Voltage Measuring Device

Standard car batteries are usually 12V affairs with the voltage varying around this value depending on their level of charge. This variation in voltage can be monitored to give an indication of the charge-state of the battery. So how do we take this analogue battery voltage and put it on to a digital computer? We use an analogue-to-digital converter or ADC. Fortunately, the boys and girls at Atmel have incorporated several ADCs within their AVR microprocessors which we can make use of to do the conversion. So all that needs to be done to make the sensor is to hook up the battery to an AVR microprocessor with a RFM12B wireless module attached.


Using the ADC on the ATmega168 is relatively straightforward although there are a number of options to choose from which makes it quite intense. There are multiple resources on the web explaining how to use ADCs on AVRs, and the essential aspects of how I use the ADCs for my projects can be found here. For the car battery voltage sensor, the ADC specifics were as follows:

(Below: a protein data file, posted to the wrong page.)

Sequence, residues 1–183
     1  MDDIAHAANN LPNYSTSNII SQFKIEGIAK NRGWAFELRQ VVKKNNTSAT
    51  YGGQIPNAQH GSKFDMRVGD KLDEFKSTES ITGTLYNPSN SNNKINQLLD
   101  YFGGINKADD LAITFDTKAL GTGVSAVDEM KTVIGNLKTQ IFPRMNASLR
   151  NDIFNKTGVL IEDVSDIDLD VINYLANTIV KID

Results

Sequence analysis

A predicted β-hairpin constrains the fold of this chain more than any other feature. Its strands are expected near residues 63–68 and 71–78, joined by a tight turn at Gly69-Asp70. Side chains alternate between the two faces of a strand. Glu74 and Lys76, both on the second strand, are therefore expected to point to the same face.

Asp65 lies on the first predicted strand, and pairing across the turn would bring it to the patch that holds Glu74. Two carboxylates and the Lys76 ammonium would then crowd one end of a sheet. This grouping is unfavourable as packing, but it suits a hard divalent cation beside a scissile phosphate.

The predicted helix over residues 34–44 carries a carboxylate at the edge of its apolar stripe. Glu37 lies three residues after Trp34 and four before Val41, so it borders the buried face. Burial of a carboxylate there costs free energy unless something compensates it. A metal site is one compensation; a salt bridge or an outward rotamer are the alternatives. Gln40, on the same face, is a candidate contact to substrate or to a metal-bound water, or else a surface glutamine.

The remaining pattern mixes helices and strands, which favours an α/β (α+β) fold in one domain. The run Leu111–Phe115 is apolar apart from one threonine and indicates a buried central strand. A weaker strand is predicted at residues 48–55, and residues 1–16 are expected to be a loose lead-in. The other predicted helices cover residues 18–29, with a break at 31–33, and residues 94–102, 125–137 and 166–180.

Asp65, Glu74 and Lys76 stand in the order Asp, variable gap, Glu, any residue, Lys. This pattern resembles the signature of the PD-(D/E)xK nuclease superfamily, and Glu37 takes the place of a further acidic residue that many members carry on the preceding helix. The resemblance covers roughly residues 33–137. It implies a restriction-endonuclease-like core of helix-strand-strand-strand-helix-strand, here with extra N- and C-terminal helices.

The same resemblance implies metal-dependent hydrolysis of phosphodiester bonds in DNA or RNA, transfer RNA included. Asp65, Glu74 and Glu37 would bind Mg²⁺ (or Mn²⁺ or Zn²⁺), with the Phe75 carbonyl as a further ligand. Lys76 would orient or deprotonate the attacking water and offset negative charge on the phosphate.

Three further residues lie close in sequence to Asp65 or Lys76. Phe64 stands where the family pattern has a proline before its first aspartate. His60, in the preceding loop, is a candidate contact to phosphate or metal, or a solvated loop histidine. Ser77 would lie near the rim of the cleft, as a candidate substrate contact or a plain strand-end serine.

The device is programmed to wait for a wireless signal from the user prior to doing an analogue-to-digital conversion
The default ADC0 channel (port PC5) was used
10-bit resolution for maximum ADC accuracy on the AVR was used

RFM12B Wireless[easyazon_cta add_to_cart=”default” align=”right” asin=”B007XEX19I” cloaking=”default” height=”28″ key=”wide-light” localization=”default” locale=”UK” nofollow=”default” new_window=”default” tag=”tronic03-21″ width=”170″]

The standard method of using RFM12B wireless communication was used and is outlined here
Since the RFM12B module sends out a single 8-bit number at a time, the 10-bit voltage reading is sent as 2 consecutive bytes